5   Maximum source code file length is 2000 LOC. Deviations need to be explained.
6   Maximum method length is 100 LOC. Deviations need to be explained.
7   There are no similar functions that could be combined. The code is unique.
8   There are no unused methods or member variables and code commented out.
9   Library functions are used where feasible instead of re-implementing the methods in the code.
10  The code behaviour is commented in a level that the intended behaviour is clear to the reader. ToDo comments are allowed only when the code is not final at the inspection time.

1.3 Variables and Constants

11  All variables are properly initialized.
12  All variables are defined in the smallest possible scope.
13  All variables are of proper type. No implicit casting allowed.
14  There are no literals or variables that should be constants.
15  There are no magic numbers (i.e. numbers other than 0 or 1) in the code. Use constants with descriptive names.
16  There are no hard-coded drive letters (e.g. E: for memory card). Use system libraries for drive and path information.
17  If possible, use references instead of pointers. All non-owned objects should be accessed via references.

1.4 Functions

18  Every method in a public API checks parameter validity before usage.
19  Units of parameters and arguments match, e.g. millimeters vs. inches. Details are specified in header file.
20  A method has only one return point. Deviations need to be explained.
21  The completion status of a method call is always checked and proper handling applied in case of an error.

1.5 Classes

22  Each class has an appropriate constructor and destructor. Members are initialized in constructor list.
23  Access to class members is restricted enough. Public members should be avoided.
24  Derived classes have no common members that should be in the base class.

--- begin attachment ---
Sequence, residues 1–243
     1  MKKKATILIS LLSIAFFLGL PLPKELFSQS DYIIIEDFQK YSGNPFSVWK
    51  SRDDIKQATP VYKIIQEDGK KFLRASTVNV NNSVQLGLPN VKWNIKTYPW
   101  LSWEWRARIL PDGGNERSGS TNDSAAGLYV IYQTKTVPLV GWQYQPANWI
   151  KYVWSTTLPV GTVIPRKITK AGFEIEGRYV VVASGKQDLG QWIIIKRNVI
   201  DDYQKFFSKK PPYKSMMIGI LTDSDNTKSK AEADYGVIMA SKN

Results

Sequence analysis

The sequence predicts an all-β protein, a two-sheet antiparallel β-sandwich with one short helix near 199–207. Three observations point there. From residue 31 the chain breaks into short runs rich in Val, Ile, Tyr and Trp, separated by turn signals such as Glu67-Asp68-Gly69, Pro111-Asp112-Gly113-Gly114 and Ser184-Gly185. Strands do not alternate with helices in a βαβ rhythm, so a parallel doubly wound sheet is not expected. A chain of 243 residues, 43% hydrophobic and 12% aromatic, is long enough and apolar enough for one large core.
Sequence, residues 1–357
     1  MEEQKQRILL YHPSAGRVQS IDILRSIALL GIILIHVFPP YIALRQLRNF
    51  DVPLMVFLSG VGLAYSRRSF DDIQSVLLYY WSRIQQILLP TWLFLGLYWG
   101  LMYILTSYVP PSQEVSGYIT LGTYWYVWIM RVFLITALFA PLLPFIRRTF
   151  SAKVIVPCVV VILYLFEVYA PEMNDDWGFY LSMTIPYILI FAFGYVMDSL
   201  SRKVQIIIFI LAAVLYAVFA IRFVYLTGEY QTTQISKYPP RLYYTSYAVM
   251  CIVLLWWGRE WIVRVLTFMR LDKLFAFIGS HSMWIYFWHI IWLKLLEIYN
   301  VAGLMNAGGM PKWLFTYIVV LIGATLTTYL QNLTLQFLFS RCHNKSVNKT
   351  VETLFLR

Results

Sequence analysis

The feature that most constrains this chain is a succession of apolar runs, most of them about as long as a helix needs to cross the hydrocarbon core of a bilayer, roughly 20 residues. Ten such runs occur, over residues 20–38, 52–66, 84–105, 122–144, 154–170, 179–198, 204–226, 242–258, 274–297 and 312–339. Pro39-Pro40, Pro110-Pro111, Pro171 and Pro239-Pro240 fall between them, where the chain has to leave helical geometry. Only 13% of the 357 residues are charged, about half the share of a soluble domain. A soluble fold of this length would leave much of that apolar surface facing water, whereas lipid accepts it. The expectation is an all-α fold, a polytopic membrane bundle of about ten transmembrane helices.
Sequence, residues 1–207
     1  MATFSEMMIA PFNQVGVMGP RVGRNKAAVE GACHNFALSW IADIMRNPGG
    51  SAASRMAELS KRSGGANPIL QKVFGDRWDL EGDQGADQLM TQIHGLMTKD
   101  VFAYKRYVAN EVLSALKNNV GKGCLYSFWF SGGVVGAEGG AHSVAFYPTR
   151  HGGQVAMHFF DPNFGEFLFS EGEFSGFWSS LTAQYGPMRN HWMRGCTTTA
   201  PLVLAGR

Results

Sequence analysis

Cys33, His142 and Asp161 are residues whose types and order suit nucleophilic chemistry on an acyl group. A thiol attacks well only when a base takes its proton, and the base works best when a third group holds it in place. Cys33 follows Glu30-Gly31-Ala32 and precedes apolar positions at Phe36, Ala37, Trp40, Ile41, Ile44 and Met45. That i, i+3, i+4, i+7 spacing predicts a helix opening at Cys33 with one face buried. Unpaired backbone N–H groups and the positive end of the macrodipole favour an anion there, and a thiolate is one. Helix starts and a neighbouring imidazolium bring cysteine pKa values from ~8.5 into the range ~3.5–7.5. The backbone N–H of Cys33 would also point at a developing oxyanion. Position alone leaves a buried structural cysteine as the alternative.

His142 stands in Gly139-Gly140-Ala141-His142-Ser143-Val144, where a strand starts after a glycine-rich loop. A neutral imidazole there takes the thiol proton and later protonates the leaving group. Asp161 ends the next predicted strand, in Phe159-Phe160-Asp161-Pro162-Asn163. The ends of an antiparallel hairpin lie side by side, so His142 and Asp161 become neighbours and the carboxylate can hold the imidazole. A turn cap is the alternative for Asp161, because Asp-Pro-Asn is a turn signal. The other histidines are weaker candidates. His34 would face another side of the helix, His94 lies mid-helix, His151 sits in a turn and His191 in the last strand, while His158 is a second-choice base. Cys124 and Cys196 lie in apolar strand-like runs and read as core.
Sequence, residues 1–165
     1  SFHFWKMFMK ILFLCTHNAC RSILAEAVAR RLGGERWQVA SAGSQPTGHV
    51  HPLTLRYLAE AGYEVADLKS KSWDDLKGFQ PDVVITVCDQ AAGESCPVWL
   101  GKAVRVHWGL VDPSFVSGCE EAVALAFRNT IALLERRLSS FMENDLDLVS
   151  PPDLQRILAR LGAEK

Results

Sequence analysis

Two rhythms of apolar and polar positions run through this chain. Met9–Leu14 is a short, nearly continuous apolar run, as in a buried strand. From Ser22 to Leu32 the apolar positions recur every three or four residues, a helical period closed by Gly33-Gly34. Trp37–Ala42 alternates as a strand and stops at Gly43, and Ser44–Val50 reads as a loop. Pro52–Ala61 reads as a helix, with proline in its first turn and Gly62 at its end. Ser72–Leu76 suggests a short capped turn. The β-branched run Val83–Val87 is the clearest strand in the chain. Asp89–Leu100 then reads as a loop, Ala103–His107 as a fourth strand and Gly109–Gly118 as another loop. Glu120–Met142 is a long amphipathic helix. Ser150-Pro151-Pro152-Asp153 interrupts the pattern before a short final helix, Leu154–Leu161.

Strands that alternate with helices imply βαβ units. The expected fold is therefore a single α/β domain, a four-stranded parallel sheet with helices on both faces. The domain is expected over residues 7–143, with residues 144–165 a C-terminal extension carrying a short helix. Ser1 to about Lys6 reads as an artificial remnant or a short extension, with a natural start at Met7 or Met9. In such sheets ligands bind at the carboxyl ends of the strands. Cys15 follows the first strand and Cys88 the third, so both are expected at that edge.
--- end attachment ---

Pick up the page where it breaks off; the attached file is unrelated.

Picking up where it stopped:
25  Multiple inheritance is not used, except in case of inheriting interface (M) classes.
26  The public API of a class is designed so, that it's impossible to break the class and very hard to use incorrectly.
27  The keyword const is used correctly.
    • Each getter is a const method.
    • Each setter uses a const parameter.

1.6 Computation, Comparison and Control Flow

28  Overflow and underflow are prevented. 
    • The validity of integer variables & parameters is always checked before usage.
    • The size of strings or buffers is always checked before adding or removing data.
29  Division by zero is prevented.
30  Checking of boundaries (e.g. “less than” vs “less than or equal”) and comparisons ( e.g. == vs = ) are correct.
31  Priority rules and brackets are used correctly for getting the desired output.
32  The temporary variables needed in a loop are initialized before the loop and the loop itself runs only as long as needed.
33  Each switch statement has a default branch with a sensible implementation. If no implementation is needed, add a comment.
34  Switch statements are used instead of nested if statements where feasible.